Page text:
A procrastinator's trek across Europe

A procrastinator's trek across Europe

As viruses hop with impunity across countries, it’s perhaps best to stay put and read a classic travelogue

A Time of Gifts

At this moment, travel seems to be a risk that only the truly adventurous — and strongly immune — can undertake. As viruses hop with impunity across countries and continents, thumbing noses at passport control and customs’ checkposts, it’s perhaps best to sit back in a cosy armchair and read a good travelogue and let someone else take the trouble and discomfort of bad food and inhospitable weather. And no book seems more apt right now than Patrick Leigh Fermor’s classic of travel writing, ‘A Time of Gifts’.

The book, the first in a trilogy, is Leigh Fermor’s memoir of his adventures while tramping across Europe just before the Second World War broke out. He set out on his epic journey in 1933 when he was 18 years old. He’d been thrown out of school after romancing a local girl and he headed to London with the vague idea of becoming a writer. But even in those days, it was a rather hard vocation to follow and so he decided that he’d be better off making his way on foot across Europe. This legendary trek would take him from Holland all the way to Constantinople.

Not just a travel journal

Leigh Fermor was known as much for his procrastination as his wit. It took him almost four decades to finish writing ‘A Time of Gifts’. It was published in 1977 when he was 62 years old. However, the time that lapsed between the actual journey and the author’s recounting of it, has, as Jan Morris, that other great English travel writer said, made it even more fascinating. Time adds a layered perspective to the narrative from the author who wrote it both as a young man and an older person.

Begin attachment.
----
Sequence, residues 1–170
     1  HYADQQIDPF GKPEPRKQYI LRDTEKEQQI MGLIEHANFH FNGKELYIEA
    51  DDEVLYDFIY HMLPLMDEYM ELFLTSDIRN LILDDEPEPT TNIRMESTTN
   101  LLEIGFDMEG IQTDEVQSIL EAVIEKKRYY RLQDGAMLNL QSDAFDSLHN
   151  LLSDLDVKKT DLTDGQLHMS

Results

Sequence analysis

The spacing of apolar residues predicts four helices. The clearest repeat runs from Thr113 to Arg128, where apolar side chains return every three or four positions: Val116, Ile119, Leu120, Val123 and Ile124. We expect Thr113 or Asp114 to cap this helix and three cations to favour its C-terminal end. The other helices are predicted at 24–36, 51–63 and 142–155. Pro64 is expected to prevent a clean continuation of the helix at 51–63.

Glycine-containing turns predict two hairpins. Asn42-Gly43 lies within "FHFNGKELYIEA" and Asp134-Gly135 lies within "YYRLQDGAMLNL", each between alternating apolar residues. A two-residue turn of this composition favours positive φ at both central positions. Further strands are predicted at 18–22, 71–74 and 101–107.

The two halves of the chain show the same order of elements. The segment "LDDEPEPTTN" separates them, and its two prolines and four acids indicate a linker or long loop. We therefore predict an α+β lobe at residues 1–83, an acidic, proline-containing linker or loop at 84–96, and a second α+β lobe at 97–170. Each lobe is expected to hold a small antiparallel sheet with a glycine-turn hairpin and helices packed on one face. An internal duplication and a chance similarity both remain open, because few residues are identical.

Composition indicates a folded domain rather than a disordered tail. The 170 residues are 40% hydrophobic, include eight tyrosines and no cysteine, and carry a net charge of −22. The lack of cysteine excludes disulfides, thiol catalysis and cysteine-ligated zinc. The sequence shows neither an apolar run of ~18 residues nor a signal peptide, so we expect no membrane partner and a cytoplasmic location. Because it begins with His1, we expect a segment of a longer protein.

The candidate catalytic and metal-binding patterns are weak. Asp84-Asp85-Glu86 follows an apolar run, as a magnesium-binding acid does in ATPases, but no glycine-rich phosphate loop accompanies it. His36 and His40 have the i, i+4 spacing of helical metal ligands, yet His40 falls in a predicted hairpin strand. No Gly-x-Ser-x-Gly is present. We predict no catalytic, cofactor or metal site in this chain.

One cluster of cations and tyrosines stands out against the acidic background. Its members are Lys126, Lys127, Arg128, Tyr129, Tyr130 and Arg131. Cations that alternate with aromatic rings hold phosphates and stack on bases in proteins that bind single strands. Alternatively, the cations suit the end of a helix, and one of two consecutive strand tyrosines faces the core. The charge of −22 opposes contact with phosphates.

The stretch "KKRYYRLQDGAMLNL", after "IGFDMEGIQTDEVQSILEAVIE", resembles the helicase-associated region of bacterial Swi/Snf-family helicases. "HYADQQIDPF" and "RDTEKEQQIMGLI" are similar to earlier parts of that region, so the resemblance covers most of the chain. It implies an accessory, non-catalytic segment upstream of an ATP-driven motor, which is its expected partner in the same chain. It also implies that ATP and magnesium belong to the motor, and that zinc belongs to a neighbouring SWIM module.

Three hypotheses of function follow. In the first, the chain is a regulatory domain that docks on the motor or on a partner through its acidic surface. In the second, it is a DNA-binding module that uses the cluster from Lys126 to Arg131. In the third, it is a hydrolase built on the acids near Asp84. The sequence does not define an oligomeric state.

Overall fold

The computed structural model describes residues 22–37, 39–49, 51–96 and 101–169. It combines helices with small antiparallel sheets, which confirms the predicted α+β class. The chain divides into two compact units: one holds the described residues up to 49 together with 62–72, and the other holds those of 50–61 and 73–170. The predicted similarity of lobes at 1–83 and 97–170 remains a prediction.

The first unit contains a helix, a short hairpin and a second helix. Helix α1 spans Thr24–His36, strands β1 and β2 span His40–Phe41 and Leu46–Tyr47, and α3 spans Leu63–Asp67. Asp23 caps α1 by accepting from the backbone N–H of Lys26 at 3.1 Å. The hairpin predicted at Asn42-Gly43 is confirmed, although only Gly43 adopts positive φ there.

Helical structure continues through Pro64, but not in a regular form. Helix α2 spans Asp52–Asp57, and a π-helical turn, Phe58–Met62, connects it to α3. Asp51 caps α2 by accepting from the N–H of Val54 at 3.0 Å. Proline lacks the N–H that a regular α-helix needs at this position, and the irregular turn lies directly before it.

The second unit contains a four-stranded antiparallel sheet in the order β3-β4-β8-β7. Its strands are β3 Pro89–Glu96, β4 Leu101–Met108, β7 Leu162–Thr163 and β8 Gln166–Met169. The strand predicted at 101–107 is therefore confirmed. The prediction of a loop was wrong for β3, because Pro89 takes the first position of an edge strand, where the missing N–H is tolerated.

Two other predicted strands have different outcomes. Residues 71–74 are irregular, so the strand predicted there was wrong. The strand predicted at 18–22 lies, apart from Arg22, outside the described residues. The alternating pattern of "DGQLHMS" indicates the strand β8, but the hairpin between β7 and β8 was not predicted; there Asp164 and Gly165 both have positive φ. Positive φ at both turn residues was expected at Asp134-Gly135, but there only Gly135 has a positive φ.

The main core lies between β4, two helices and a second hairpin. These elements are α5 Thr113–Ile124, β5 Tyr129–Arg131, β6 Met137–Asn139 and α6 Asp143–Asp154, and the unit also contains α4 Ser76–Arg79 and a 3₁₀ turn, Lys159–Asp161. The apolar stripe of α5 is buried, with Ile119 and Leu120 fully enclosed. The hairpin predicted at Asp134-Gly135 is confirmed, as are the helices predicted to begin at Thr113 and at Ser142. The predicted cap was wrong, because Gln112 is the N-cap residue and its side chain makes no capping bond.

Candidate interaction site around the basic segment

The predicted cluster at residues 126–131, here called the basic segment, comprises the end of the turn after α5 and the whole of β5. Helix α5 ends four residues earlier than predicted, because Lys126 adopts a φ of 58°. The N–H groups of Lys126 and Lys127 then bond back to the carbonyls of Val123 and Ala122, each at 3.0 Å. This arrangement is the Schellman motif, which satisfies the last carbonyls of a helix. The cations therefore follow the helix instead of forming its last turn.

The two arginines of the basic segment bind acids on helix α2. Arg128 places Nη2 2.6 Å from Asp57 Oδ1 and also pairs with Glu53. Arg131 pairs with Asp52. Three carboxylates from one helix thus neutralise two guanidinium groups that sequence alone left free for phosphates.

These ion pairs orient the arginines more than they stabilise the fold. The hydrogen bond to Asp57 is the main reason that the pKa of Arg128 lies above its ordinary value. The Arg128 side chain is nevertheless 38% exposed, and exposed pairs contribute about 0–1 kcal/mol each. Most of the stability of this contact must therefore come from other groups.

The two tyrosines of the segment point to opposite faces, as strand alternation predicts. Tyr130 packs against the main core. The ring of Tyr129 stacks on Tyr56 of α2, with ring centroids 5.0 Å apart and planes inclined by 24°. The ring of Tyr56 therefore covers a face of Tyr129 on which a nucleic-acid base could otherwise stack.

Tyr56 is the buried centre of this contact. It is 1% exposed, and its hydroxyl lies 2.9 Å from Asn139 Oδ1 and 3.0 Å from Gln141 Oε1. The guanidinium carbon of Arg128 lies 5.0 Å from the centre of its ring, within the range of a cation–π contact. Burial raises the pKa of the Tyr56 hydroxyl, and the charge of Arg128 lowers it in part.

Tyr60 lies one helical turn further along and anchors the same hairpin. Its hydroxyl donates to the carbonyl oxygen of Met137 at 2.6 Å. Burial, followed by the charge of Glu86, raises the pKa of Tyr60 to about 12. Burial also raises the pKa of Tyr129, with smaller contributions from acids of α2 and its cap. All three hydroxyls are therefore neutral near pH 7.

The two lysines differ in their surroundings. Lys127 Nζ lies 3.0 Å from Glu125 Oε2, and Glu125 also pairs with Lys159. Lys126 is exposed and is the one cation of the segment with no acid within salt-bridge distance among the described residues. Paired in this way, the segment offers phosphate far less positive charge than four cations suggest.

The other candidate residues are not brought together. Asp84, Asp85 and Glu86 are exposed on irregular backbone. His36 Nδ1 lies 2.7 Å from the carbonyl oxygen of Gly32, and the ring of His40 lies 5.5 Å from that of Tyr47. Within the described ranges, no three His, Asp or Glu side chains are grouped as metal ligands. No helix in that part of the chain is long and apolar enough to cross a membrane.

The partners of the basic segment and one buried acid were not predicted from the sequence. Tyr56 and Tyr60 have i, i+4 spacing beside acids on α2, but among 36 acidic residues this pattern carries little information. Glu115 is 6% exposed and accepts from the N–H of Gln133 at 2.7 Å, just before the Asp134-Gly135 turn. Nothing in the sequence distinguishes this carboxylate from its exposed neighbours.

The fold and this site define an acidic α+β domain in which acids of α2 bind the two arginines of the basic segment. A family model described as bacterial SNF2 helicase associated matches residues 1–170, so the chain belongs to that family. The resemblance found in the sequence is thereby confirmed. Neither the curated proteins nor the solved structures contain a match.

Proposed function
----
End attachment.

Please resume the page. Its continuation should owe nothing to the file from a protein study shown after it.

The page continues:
One of the great pleasures of reading this book is that it’s not just a travel journal. Instead, it captures a Europe where the old world was slowly disappearing and the shadow of fascism was lengthening across the continent. The year 1933 was when Hitler rose to power in Germany and Leigh Fermor arrives in the country to observe a society on the cusp of radical change. He moves through these towns and cities, making friends both high and low who open their houses — castles and more modest abodes — and lives to this charming Englishman.

As he wanders from the Rhine valley to the regions by that other great European river, the Danube, the ghosts of a culture that was soon to vanish crowd the pages. My favourite part in the book is where Leigh Fermor briefly meets a Syrian Jacobite Christian woman from the erstwhile Travancore who had made Vienna her home. Nothing much is said about her or how she came to be there, but Leigh Fermor’s description of her magnificent mauve and gold sari and fur coat is enough to whet the imagination. It’s unexpected cameos of these sorts and Leigh Fermor’s felicity with historical, literary and musical knowledge — a talent that erudite English raconteurs of a certain class and generation possessed in spades — that makes reading him such a delight.

The author is a Bangalore-based writer and communications professional with many published short stories and essays to her credit. 

That One Book is a fortnightly column that does exactly what it says — takes up one great classic and tells you why it is (still) great. Come, raid the bookshelves with us.